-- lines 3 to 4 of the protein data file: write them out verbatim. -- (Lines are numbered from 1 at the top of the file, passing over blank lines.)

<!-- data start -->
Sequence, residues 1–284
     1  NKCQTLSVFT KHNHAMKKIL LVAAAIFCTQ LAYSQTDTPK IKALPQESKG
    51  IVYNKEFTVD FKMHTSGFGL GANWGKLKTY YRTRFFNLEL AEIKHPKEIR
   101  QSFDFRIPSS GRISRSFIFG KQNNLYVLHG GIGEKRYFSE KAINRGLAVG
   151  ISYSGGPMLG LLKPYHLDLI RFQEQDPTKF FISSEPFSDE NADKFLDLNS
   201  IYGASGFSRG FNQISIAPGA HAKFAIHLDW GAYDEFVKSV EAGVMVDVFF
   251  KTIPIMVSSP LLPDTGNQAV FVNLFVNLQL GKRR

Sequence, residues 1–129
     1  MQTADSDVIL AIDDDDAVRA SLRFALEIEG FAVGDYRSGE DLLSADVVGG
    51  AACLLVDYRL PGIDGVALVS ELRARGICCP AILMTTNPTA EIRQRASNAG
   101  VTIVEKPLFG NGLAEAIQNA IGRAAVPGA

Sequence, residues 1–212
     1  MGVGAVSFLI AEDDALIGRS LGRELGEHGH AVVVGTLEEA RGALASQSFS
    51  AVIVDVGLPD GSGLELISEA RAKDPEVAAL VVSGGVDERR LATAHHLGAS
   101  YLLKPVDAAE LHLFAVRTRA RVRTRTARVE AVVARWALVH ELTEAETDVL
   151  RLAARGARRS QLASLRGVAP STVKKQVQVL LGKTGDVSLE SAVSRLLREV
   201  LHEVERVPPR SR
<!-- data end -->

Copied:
    51  IVYNKEFTVD FKMHTSGFGL GANWGKLKTY YRTRFFNLEL AEIKHPKEIR
   101  QSFDFRIPSS GRISRSFIFG KQNNLYVLHG GIGEKRYFSE KAINRGLAVG